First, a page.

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Old 03-29-2004, 05:52 PM   #1
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Ireland bands smoking in the Pubs!

Ireland's Workplace Smoking Ban Starts


Mar 29, 1:50 PM (ET)

By SHAWN POGATCHNIK


DUBLIN, Ireland (AP) - Smokers hid in toilet stalls Monday as Ireland's ban on tobacco in the workplace - including the country's 10,000 usually smoky pubs - began its first divisive day.

Over lunchtime pints, Dublin friends and work mates argued over the merits of outlawing cigarettes indoors - until the smokers ducked outdoors for a chilly smoke on city sidewalks choked with exhaust fumes.

Health Minister Micheal Martin, who pushed for three years to ban workplace smoking, celebrated with anti-smoking activists at Bewley's tea house in downtown Dublin. He predicted other European nations would soon follow Ireland's example.

Ireland's sweeping nationwide ban is the world's strictest and goes well beyond statewide measures such as those in California and Delaware, which prohibit smoking in bars and restaurants

In the blue-collar pubs of north Dublin, Martin's crusade provoked both joy and fury.

"This is the worst idea any Irish government's ever had," said Gerry O'Connor, 32, a prison guard sitting sullenly in a corner of John Doyle's pub. He'd just been busted trying to sneak a smoke in the pub's lavatory.

"He stayed in the loo (restroom) too long. I smelled smoke, went in and could hear him puffing, puffing, puffing behind the door," said barman John Golding, who ordered the offending butt extinguished.

"I think this ban's a great idea. Until now I've gone home from work with a hacking cough and a sore throat from the smoke," said Golding, 21. "The ban means there's going to be a lot more people quitting. No more peer pressure over a pint."

Ireland's airwaves and barstool discussions have been dominated by debate over the rights and wrongs of smoking - its role in the easygoing pub atmosphere, versus the cancer and other deadly diseases it causes.

A government National Smokers Helpline has been inundated with calls from people seeking nicotine patches, counseling and other break-the-habit aids. A second line, opened Monday, fielded calls from people reporting pubs and other businesses violating the ban.

A few publicans vowed Monday to ignore the ban, saying they couldn't afford to turn away loyal smoking customers. The government has warned that its 41 environmental health inspectors will mount undercover inspections if pubs ignore the law, which carries a maximum fine of $3,700.

Opinion polls suggest a strong majority supports the ban in this country of 3.9 million, where about 30 percent of adults smoke. Feelings run deep on the issue.

The moment O'Connor started to bemoan the oppression he was suffering, his prison guard colleague Sean Donaghue, sitting at the next stool, bit his head off.

"You're talking a load of bollocks, Gerry. This is the greatest day Ireland's ever seen," said Donaghue, 55.

"I've already had one bypass operation, a coronary stent in an artery, I've got diabetes - I'm living proof that cigarettes are killers," added Donaghue, who quit five years ago.

He said the smoke in pubs had forced him to give up his favorite recreation, playing guitar and banjo in a traditional band. "My surgeon told me I was inhaling so much smoke in the pubs I might as well be smoking myself," he said.

O'Connor defiantly insisted cigarettes were blamed for too many ills.

"My dad died last year of lung cancer, and he only smoked once a year at Christmas," he said. "There's probably more cancer-causing chemicals in the air outside the front door."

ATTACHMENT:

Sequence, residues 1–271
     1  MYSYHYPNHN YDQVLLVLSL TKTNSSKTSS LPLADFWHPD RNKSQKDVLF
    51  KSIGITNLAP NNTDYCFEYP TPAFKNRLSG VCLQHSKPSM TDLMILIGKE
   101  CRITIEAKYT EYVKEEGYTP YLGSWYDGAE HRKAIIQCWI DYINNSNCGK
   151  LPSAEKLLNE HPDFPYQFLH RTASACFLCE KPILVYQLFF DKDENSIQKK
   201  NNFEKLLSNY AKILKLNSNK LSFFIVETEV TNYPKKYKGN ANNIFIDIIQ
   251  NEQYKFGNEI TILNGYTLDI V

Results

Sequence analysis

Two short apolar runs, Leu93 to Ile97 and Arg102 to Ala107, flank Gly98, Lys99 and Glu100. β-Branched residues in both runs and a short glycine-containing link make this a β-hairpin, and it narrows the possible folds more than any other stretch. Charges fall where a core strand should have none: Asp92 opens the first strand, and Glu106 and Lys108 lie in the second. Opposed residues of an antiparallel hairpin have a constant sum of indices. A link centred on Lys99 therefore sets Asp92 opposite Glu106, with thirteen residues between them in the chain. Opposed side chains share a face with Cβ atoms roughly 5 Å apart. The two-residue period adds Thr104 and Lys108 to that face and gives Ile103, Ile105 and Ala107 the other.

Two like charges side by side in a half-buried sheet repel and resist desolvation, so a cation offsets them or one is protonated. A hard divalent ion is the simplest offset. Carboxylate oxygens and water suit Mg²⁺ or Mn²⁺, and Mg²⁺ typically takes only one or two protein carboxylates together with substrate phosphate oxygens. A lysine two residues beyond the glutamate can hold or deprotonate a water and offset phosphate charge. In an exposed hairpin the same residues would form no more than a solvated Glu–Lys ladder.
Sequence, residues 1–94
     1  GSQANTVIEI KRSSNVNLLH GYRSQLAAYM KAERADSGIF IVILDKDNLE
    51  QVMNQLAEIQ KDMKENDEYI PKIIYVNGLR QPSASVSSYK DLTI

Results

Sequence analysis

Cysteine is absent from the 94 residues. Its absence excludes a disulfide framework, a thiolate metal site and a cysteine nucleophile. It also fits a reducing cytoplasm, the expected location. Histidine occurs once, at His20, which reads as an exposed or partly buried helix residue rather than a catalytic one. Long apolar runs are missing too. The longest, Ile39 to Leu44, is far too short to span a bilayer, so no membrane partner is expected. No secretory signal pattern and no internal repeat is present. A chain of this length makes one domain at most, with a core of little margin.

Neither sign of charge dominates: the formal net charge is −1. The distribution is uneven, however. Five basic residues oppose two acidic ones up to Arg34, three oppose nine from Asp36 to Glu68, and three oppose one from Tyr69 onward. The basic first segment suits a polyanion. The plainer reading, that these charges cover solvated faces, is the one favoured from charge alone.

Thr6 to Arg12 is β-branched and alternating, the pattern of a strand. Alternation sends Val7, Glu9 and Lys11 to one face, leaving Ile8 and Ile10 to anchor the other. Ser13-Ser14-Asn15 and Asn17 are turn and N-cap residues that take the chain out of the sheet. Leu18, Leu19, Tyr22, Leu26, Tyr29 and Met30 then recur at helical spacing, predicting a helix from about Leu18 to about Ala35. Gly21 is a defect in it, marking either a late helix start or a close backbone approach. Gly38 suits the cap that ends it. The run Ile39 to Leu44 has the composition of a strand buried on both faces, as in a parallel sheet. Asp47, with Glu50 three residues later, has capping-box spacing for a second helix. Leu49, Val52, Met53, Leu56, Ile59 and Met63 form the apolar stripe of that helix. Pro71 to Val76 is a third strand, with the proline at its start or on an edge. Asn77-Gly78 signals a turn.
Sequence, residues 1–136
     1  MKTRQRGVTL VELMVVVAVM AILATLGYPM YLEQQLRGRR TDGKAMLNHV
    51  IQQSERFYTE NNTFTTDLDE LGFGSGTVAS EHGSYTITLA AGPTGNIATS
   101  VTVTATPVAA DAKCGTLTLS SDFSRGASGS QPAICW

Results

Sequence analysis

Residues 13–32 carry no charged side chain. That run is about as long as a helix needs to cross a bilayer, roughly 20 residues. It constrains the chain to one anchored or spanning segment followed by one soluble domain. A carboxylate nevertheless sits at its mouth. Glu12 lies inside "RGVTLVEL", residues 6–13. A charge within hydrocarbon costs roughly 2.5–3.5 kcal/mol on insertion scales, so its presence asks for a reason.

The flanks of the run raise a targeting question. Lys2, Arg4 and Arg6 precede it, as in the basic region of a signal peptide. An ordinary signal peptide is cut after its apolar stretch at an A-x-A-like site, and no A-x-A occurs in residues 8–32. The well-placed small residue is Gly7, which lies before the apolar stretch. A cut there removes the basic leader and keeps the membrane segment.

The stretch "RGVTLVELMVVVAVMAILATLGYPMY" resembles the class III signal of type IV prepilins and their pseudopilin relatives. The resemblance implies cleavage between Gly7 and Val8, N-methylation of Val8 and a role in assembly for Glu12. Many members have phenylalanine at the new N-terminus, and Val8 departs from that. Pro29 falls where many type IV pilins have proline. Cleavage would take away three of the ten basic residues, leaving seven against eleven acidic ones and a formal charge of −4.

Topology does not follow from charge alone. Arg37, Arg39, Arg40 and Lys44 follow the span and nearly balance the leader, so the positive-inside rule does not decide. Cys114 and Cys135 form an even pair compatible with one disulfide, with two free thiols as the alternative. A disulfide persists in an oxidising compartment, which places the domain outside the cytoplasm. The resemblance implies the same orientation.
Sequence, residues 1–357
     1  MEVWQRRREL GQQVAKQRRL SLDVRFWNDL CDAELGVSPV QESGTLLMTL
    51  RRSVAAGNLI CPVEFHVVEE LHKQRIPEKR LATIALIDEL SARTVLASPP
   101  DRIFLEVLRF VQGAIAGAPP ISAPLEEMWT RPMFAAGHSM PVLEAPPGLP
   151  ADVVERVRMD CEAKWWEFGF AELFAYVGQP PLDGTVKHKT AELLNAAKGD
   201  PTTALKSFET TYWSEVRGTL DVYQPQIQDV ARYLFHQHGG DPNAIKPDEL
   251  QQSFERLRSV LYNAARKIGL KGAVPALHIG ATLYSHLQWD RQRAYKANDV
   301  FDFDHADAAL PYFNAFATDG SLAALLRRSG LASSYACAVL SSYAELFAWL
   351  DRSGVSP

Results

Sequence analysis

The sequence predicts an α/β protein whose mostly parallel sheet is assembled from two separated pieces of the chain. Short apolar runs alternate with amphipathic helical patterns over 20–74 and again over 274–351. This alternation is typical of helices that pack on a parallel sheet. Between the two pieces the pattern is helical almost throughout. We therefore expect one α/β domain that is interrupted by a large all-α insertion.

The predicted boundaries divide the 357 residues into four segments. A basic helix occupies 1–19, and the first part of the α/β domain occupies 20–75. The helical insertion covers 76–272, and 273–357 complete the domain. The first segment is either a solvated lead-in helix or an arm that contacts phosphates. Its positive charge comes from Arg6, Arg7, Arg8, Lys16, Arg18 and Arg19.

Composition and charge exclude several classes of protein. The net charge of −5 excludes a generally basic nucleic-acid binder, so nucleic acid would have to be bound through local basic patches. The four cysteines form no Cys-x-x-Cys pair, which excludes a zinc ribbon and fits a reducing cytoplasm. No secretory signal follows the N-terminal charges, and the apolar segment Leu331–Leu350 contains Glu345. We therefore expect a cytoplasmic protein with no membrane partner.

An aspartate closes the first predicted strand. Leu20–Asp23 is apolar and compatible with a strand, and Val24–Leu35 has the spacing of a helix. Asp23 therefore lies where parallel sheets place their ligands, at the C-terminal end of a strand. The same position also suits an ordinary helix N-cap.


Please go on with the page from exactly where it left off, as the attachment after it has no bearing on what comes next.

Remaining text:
That comment drew a disbelieving roar from a neighboring table - a group of workers from Dublin's overloaded Beaumont Hospital, where patients sometimes wait for hours, even days, on emergency trolleys for a bed.

"Practically everybody we see in the hospital is suffering from something to do with smoking," said hospital pharmacist John Byrne, 50, a lifelong nonsmoker. "I love the pub, and I'm really pleased that I'm going to enjoy clean air seven days a week - there's nothing worse than that smoke."

The ban includes a few notable exceptions. Rooms in hotels and bed-and-breakfasts, nursing homes, psychiatric hospitals and prison cells can't be covered by the ban because, legally, they are also private residences. That means prison guard O'Connor can't smoke at work but the convicts can.

"I want my smoke firsthand, not secondhand," he complained.
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Old 03-29-2004, 08:48 PM   #2
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sounds good. there's no good reason not to have the ban.
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Old 03-29-2004, 11:17 PM   #3
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I thought from the title it was going to be pictures or stories of Irish BANDS smoking in bars.

I think the ban is crazy but oh well.
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Old 03-30-2004, 07:27 AM   #4
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I think the ban is a little much as well. I've said this before but I'm not a chain smoker or anything...I like to have a ciggy with some drinks and I did that all the time in Dublin and lots of people smoked. I mean it's good on one part that people that don't smoke would benefit but on the other hand...it would totally suck to have to go outside in the cold to smoke.

LOL I had to crack up at the guy smoking in the loo....people at my old office do that all the time
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Old 03-30-2004, 07:34 AM   #5
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If health reasons are the main driving factor, then this is hypocritical.
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Old 03-30-2004, 07:46 AM   #6
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Yes Thank you! Like Drinking doesn't affect your health as well?
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Old 03-30-2004, 08:30 AM   #7
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But- I know they were also talking about the health of the people who work in pubs. They're working, not drinking. So the ban is to protect their health, and I don't think that's hypocritical.
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Old 03-30-2004, 08:42 AM   #8
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Its valid for sure. Smoking is a health risk. I wonder how many people up until this point have worked in a pub knowing they're either consientiously against smoking or have had concerns about the health risks. It's like working in an old fashioned paint factory and being worried about lead.